Explain and Evaluate Functionalist, Marxist and Interactionist theories of Society.

1276 Words Jul 10th, 2018 6 Pages
In this essay I will be covering Marxist, Interactionist and Functionalist theories of society. I will be examining their strengths and weaknesses. Using the three social theories, the macro approach of Marx that is used to analyse society from a class conflict view between the proletariat and the bourgeoisie, the macro approach that Durkheim used when analysing social systems and populations on a large scale and who’s theory views individual’s issues as reflective of wider social patterns and the micro approach of George Mead who focused on small scale social interaction and who’s theory interprets the behaviour of individuals as significant and a way to interpret how the world is socially constructed.
Marxism was founded by Karl Marx and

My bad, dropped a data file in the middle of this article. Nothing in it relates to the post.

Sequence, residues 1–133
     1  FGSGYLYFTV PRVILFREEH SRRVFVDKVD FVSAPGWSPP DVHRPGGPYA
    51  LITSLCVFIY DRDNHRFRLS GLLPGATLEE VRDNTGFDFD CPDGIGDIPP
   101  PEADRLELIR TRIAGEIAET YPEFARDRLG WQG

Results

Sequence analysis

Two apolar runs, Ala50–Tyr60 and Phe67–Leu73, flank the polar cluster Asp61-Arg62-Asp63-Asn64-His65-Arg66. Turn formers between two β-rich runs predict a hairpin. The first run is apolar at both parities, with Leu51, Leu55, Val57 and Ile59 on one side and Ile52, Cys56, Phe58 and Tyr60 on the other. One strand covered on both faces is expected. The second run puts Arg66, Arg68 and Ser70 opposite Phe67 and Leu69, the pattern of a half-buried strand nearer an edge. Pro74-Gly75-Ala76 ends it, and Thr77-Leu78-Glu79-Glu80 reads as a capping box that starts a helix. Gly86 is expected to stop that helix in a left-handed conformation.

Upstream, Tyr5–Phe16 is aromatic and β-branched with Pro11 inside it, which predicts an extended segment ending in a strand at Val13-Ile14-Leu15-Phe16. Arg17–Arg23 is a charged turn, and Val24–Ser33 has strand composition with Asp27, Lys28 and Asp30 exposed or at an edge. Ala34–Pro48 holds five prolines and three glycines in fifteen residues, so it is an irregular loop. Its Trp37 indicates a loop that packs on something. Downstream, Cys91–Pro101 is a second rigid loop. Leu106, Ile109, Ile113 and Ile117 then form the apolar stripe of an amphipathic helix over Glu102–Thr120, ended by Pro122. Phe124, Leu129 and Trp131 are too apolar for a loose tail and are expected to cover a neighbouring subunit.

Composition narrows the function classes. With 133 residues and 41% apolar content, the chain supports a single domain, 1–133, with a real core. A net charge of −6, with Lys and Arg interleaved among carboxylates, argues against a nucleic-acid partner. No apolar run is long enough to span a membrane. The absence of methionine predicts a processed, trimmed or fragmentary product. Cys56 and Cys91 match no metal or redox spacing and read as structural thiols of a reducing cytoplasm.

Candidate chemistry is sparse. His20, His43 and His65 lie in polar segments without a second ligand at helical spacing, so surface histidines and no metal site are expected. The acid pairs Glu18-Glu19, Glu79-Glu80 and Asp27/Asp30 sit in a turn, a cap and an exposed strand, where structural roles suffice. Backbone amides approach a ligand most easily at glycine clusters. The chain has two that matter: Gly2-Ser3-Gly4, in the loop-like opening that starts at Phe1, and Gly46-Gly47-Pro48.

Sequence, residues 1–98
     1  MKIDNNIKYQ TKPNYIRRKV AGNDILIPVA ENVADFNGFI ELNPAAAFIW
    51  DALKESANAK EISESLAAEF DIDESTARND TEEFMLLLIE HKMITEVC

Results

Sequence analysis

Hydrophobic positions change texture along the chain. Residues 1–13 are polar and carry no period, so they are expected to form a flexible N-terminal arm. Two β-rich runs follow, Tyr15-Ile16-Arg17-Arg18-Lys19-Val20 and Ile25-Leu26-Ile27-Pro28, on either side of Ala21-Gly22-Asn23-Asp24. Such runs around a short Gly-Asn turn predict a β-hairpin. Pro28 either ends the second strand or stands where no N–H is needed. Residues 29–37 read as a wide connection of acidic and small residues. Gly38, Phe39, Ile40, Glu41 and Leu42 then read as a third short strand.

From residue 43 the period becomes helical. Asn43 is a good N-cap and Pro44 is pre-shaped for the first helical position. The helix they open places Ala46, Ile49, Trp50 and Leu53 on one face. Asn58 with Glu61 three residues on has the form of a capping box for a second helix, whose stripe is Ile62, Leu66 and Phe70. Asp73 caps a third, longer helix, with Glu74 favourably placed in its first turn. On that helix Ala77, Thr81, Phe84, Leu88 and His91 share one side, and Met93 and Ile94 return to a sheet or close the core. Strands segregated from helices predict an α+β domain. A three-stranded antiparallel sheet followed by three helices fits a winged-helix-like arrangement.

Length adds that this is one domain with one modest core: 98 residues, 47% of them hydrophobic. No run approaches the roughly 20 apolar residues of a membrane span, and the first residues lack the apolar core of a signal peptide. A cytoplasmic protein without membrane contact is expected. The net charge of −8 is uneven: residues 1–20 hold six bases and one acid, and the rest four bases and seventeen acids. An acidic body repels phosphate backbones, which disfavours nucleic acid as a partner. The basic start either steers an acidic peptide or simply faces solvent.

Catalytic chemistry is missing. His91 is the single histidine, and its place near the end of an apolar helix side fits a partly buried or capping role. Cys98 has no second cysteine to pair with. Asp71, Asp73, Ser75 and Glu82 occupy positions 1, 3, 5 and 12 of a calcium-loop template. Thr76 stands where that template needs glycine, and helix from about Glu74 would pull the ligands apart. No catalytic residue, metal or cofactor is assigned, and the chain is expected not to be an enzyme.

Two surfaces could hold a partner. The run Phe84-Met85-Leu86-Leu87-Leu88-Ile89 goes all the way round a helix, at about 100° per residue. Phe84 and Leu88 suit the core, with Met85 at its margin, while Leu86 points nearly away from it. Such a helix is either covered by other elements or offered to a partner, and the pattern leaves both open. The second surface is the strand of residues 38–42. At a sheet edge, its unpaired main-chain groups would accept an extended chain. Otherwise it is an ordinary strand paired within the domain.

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Functionalism was then was refined by Talcott Parsons (1902 – 1917). His view was that when our values have been institutionalised and behaviour is structured accordingly, society will be stable and balanced. Parsons calls this social equilibrium, which he suggests maintaining by socialisation and social control through the use of four basic functional prerequisites: adaptation, goal attainment, integration and pattern maintenance, all of which need to be solved for society to survive. Functionalist theory tries to explain how society remains stable rather than in chaos and how functionalism contributes to the stability of the whole society. An example of how functionalism works would be; Primary socialization of a child at home preparing them for the secondary socialization of school, then at school it is not just the national curriculum that is taught, they are also preparing youngsters for life after school (paid work) by using ‘the hidden curriculum’. The hidden curriculum gets you ready for work where you will be contributing to society by paying taxes and meanwhile having a role to play to keep society functioning. “Functionalism is good at explaining consensus – why society hold together and share a common morality” (Giddens, 2009, p.?) . Functionalism is dependent on the idea that social systems are
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